5. Visit the ‘Cathedral of the Canals’ – Drifters’ base at Anderton on the Trent & Mersey Canal in Cheshire, is next to the historic Anderton Boat Lift.  This incredible edifice, also known as ‘the Cathedral of the canals’, looks like some giant three-storey-high iron spider and provides a 50-foot vertical link between two navigable waterways – the River Weaver and the Trent and Mersey Canal.  From Anderton, the canalside Leigh Arms at Little Leigh (bridge 209 for Black Price forge), offering home-cooked pub food and cask ales, is an easy day trip away. ****‘Daydream’ can carry up to 12 people, weekday hire starts at £150, weekends & bank holidays £180.
  6. Glide through the Brecon Beacons – from Goytre Wharf on the beautiful Monmouth & Brecon Canal near Abergavenny, boaters can enjoy incredible mountain views on the two-and-a-half-hour journey to the popular Star pub at Mamhillad, a short walk from bridge 62. ****‘Rooster’ can carry up to eight people, weekday hire from £130, weekends & bank holidays £150.
  7. Boat to beautiful Bradford on Avon – from Hilperton Marina near Trowbridge in Wiltshire on the beautiful Kennet & Avon, day boaters can head west to the picturesque historic town of Bradford on Avon, with its stunning medieval Tithe Barn and choice of pubs, independent cafes and restaurants, including the canalside Barge Inn. ****‘Cheers’ can carry up to 10 people, weekday hire starts at £105, weekends & bank holidays £130.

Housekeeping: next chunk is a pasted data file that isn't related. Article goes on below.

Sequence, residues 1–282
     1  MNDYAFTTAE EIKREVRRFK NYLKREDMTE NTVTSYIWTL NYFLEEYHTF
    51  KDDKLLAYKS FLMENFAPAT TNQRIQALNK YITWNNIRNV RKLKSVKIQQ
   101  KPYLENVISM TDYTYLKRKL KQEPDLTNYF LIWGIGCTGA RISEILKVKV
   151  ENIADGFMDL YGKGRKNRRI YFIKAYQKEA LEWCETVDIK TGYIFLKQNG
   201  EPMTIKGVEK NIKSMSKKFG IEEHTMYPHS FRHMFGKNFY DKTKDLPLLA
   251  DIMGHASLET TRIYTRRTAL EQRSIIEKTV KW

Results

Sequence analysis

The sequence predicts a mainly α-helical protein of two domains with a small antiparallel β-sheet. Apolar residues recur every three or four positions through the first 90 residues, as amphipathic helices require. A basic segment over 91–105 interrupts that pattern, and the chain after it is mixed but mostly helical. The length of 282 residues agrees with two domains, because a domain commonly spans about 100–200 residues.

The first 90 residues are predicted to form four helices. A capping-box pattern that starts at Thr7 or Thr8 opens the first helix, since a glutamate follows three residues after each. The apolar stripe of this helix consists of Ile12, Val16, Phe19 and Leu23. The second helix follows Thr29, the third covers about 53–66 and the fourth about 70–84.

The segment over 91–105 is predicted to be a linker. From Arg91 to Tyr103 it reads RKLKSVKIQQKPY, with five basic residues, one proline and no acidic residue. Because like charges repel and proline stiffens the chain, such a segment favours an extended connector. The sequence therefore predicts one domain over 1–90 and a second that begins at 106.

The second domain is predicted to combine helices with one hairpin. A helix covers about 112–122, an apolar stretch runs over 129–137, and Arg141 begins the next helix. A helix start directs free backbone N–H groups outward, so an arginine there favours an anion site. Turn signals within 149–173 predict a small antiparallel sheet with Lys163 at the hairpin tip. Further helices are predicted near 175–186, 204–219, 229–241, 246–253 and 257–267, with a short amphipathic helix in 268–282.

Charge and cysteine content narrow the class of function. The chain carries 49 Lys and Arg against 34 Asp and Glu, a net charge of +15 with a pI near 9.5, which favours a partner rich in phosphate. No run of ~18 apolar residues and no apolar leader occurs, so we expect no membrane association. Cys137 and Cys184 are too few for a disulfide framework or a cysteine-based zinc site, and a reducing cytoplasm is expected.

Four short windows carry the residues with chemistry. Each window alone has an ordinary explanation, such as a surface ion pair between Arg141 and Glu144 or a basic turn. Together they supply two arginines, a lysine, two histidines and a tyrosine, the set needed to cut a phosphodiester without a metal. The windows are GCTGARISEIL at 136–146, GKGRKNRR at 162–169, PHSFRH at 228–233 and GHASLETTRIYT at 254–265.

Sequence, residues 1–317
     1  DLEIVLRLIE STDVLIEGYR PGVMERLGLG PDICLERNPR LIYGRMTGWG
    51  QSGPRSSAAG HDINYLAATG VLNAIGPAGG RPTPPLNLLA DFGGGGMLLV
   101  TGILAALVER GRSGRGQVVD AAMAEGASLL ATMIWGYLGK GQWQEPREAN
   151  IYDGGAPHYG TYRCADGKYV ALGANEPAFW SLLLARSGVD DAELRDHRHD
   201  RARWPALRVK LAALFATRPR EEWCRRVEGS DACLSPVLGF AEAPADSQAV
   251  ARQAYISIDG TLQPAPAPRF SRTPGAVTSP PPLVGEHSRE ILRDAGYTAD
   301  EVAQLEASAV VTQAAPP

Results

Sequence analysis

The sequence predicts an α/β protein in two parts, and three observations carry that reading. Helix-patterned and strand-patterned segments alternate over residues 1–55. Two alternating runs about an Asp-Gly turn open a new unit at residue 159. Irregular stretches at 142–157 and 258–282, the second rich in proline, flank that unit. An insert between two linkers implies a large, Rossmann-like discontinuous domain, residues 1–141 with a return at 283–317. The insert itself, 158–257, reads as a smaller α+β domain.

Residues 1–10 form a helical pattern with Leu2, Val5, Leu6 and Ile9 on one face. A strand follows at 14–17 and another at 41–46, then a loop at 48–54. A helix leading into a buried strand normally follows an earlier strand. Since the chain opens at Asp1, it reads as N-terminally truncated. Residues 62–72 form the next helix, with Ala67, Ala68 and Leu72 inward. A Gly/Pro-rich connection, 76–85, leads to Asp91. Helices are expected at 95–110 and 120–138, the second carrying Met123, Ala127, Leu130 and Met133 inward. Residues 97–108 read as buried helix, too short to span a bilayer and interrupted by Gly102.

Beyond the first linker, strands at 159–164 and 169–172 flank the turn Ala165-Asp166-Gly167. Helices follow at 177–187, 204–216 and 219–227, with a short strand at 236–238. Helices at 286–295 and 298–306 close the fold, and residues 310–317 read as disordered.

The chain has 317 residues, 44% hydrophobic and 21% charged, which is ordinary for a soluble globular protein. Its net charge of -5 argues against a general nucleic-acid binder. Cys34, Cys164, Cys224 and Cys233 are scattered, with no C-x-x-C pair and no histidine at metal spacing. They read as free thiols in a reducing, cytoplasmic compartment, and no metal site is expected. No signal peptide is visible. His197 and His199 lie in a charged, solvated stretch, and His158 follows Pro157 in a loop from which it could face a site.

8. Tunnel through rural Worcestershire – from Tardebigge on the Worcester & Birmingham Canal near Bromsgrove, cruise north to Kings Norton Junction, a pretty rural route with historic pubs along the way, including the family-friendly Hopwood House at Hopwood.  The route is lock-free but there are two tunnels to pass through, including the 2493-metre long Wast Hill Tunnel. ****‘Emma’ can carry up to 10 people each, weekday hire is £99, weekends & bank holidays £140.
  9. Cruise through the Leicestershire countryside to Foxton Locks – from Union Wharf in Market Harborough it’s a pleasant two-and-a-half hour cruise along the Grand Union Canal Leicester Line to the top of Foxton Locks, with stunning views of the Leicestershire countryside, plenty of places to picnic and the historic waterside Foxton Locks Inn for a pub lunch or drink.  Visitors can watch canal boats negotiate the famous Foxton Staircase flight of locks and find out about the intriguing Victorian Foxton Inclined Plane Boat Lift that once operated there at the tiny little museum dedicated to it. ****‘Moorhen’ can carry up to 12 people, weekday hire starts at £150, weekends & bank holidays from £200.

 

Top 6 Canal Mysteries

Top 6 Canal Mysteries

Britain’s 2,000-mile long and 200-year old canal network is a treasure trove of historic structures, a haven for wildlife and is steeped in folklore and mystery. 

To celebrate the rich tapestry of canal history and habitat, here at Drifters we’ve put together our Top 6 Canal Mysteries for visitors and holiday-makers to explore: